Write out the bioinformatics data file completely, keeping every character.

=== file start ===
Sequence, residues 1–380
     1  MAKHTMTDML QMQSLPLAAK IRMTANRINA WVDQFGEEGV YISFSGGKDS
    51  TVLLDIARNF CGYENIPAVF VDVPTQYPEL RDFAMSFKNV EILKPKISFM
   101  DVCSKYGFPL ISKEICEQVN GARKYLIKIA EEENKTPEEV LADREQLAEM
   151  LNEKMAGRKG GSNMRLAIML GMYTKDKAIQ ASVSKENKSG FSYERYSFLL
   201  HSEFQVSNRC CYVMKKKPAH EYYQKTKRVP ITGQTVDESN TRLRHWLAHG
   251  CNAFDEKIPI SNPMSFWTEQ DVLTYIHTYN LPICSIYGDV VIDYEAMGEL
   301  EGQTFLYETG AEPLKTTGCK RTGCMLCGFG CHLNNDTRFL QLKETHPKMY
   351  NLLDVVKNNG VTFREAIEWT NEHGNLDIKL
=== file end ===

Sequence, residues 1–380
     1  MAKHTMTDML QMQSLPLAAK IRMTANRINA WVDQFGEEGV YISFSGGKDS
    51  TVLLDIARNF CGYENIPAVF VDVPTQYPEL RDFAMSFKNV EILKPKISFM
   101  DVCSKYGFPL ISKEICEQVN GARKYLIKIA EEENKTPEEV LADREQLAEM
   151  LNEKMAGRKG GSNMRLAIML GMYTKDKAIQ ASVSKENKSG FSYERYSFLL
   201  HSEFQVSNRC CYVMKKKPAH EYYQKTKRVP ITGQTVDESN TRLRHWLAHG
   251  CNAFDEKIPI SNPMSFWTEQ DVLTYIHTYN LPICSIYGDV VIDYEAMGEL
   301  EGQTFLYETG AEPLKTTGCK RTGCMLCGFG CHLNNDTRFL QLKETHPKMY
   351  NLLDVVKNNG VTFREAIEWT NEHGNLDIKL